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24th Feb 2020

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Divided EU debates China market economy status

  • Europe's solar panel industry could suffer, if China is granted market economy status by the EU (Photo: Trey Ratcliff)

The EU Commission will discuss Wednesday (13 January) the sensitive issue of granting China “market economy status”, with Beijing arguing the step is due 15 years after it joined the World Trade Organisation (WTO).

“The college will hold an orientation debate on the Chinese request, it is not a moment for a formal decision, it is for the commissioners to discuss the way they approach this file and the sequence of events that will follow,” EU Commission spokesman, Margaritis Schinas, told press on Tuesday.

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  • The WTO accession accords will automatically make China a market economy by the end of 2016 (Photo: Andre Skibinski)

Granting the status to China means the 28-member bloc would have a more difficult time imposing anti-dumping duties on Chinese goods.

Dumping occurs if a company is exporting a product to the EU at lower price than the normal value of the product to cut out a bigger market share and drive out competition.

But China says that the accession accords of the WTO will automatically make it a market economy by the end of 2016.

Chinese Foreign Ministry spokesperson Lu Kang recently urged the EU to adhere to these WTO rules and grant China the status.

"Pacta sunt servanda (Latin for "agreements must be kept") is a basic principle and obligation in international law. No signatory party can evade its obligations under international treaties by citing domestic laws as an excuse, and treat Chinese enterprises in an unfair, unjust, unreasonable and discriminative manner," Lu Kang said at his regular press conference last month.

"As a WTO member, China has been earnestly honouring each of its legal obligations since its accession, and must be entitled to all the WTO rights," he added.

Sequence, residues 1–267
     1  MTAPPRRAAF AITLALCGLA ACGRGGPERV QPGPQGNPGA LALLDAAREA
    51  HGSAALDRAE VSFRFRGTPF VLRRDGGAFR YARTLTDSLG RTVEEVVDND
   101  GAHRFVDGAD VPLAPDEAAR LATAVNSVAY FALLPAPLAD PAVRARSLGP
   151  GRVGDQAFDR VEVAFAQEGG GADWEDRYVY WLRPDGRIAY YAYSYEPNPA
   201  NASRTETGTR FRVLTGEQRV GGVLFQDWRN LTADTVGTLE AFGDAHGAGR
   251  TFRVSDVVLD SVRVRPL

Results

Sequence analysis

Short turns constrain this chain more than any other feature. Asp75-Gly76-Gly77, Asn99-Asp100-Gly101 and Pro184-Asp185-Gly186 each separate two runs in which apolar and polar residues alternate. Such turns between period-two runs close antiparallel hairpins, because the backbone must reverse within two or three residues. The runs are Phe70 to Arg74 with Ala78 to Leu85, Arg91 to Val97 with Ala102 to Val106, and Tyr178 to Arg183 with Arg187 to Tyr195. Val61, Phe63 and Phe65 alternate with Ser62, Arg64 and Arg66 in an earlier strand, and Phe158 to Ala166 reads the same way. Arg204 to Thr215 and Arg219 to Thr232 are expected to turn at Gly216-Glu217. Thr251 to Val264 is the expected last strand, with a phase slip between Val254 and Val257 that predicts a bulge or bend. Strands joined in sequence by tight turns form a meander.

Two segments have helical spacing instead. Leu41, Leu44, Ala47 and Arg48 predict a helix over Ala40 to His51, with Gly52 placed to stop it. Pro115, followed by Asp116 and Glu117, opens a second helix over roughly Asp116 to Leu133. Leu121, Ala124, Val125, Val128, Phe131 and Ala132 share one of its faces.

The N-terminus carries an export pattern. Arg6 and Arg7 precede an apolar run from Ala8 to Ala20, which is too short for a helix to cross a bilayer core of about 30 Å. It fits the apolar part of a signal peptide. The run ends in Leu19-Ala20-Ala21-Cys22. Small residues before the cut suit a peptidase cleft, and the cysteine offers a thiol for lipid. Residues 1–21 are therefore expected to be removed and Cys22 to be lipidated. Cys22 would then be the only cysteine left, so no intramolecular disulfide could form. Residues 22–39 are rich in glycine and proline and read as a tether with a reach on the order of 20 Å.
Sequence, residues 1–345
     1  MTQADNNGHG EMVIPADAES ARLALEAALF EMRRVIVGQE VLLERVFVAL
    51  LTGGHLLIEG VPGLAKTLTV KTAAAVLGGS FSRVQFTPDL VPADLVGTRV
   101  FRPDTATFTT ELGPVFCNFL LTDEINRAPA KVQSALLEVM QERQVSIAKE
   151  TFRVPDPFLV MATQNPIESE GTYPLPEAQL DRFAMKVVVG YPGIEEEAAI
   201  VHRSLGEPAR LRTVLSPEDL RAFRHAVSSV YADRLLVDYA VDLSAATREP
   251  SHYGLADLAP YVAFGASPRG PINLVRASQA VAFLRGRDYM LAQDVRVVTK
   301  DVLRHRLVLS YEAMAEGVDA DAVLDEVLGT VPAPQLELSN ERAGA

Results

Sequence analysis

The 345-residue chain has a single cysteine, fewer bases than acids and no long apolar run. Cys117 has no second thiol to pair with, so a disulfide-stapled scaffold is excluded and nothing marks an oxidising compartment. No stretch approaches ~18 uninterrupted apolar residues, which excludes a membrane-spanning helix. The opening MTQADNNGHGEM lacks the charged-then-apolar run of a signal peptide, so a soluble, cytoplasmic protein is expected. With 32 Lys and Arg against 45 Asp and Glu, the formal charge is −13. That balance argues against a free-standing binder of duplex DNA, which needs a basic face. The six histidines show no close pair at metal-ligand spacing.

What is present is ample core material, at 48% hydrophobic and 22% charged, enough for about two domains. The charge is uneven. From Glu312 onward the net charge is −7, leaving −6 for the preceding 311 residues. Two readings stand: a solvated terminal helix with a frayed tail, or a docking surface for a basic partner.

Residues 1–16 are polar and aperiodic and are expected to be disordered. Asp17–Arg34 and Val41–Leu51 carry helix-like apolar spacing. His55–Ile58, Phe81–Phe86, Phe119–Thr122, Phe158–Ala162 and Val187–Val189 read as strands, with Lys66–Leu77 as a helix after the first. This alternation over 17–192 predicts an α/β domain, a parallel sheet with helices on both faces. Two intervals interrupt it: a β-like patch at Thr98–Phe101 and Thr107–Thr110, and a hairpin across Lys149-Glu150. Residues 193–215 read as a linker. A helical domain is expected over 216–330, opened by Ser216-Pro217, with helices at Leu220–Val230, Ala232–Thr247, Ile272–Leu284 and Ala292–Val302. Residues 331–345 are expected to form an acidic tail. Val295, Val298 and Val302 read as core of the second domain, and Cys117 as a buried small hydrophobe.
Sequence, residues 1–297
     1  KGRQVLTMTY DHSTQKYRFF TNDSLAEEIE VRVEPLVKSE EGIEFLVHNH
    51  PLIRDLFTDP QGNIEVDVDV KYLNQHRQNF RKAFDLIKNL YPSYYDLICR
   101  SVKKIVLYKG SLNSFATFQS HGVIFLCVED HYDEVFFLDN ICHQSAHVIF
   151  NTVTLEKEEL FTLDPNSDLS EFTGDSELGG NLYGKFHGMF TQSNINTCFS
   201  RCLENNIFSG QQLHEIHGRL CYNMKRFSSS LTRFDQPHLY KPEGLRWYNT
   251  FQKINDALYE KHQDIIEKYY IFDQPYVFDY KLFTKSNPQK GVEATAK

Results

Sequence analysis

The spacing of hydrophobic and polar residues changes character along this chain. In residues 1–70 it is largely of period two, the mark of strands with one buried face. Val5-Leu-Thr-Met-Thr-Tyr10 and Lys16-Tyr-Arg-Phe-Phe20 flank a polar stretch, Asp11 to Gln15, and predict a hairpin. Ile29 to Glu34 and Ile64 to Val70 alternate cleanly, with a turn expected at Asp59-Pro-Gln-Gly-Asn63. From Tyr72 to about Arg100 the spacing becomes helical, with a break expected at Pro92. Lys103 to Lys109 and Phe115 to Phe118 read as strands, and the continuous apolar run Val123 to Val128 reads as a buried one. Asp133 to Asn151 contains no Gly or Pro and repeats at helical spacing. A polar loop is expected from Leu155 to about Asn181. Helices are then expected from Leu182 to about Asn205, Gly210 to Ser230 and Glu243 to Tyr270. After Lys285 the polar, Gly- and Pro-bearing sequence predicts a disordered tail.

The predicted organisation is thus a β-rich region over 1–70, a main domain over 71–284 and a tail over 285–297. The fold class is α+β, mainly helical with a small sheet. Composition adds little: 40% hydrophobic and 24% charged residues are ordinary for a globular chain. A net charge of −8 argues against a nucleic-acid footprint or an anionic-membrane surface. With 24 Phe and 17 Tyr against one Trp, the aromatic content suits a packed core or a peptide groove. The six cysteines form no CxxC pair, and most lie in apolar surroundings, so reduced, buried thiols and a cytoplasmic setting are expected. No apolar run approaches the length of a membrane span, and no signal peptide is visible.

The final decision, not expected on Wednesday, will have to be made by the European Parliament and EU member states, but will be initiated by the Commission.

The US says there is no reason to treat China’s heavily state-financed and centrally organised economy, with government-set prices, as a market economy.

European manufacturers are worried that removing the possibility of imposing duties will result in China dumping goods in Europe, leading to job losses.

Textile, steel and solar panel industries are vulnerable to Chinese imports. Supporters of the deal say it could open the way for EU investments in China and Chinese investments in European infrastructure.

Jobs, jobs, jobs

A study by the Washington-based Economic Policy Institute published last September says “an EU decision to unilaterally grant MES to China would put between 1.7 million and 3.5 million EU jobs at risk by curbing the ability to impose tariffs on dumped goods”.

The report said increased imports arising from granting the status to China would reduce EU output by between €114.1 billion and €228 billion per year, a 1 percent to 2 percent reduction in GDP.

Various European industries and the European Trade Union Confederation (ETUC) all expressed concern.

A spokesman for AEGIS Europe, an alliance of 30 manufacturing industry associations said Tuesday in a statement: “Europe simply cannot grant Market Economy Status (MES) to a country that does not merit it. Doing so would have an immensely negative impact on European industry”.

“Granting MES to China would be equivalent to gifting a licence to dump,” Milan Nitzschke, the spokespoerson added.

“The European Union has clear criteria for market economy status” ETUC General Secretary Luca Visentini said in a statement before the Commissioners’ meeting.

“China clearly does not meet them,” he said, adding: “What’s more, it would open the EU to unlimited dumping of Chinese goods on our market which would be catastrophic for European manufacturing and jobs.”

The UK, The Netherlands, and Nordic countries support China’s market economy status. Germany is, in principle, supportive, but is interested in safeguards for sensitive industries, while Italy is strongly opposed.

China is recognised as a market economy by Russia, Brazil, New Zealand, Switzerland and Australia.

The EU Commission might choose a compromise: granting the status to the world’s largest trading economy, but keeping trade defence measures for a transition period.

The European Commission has 28 anti-dumping investigations underway, 16 of them involving China.

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